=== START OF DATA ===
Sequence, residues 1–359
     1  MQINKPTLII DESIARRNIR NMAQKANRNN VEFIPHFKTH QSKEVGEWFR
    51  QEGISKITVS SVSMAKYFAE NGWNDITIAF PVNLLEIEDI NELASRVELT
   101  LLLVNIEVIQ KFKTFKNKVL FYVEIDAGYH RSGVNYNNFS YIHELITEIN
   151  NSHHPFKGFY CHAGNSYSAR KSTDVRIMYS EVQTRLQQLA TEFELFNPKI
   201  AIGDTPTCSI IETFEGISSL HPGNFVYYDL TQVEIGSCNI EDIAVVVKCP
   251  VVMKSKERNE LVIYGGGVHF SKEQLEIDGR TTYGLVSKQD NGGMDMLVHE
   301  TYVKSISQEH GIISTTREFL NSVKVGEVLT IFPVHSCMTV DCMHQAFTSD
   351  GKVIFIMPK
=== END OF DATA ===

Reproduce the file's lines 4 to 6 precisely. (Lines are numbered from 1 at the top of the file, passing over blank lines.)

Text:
   101  LLLVNIEVIQ KFKTFKNKVL FYVEIDAGYH RSGVNYNNFS YIHELITEIN
   151  NSHHPFKGFY CHAGNSYSAR KSTDVRIMYS EVQTRLQQLA TEFELFNPKI
   201  AIGDTPTCSI IETFEGISSL HPGNFVYYDL TQVEIGSCNI EDIAVVVKCP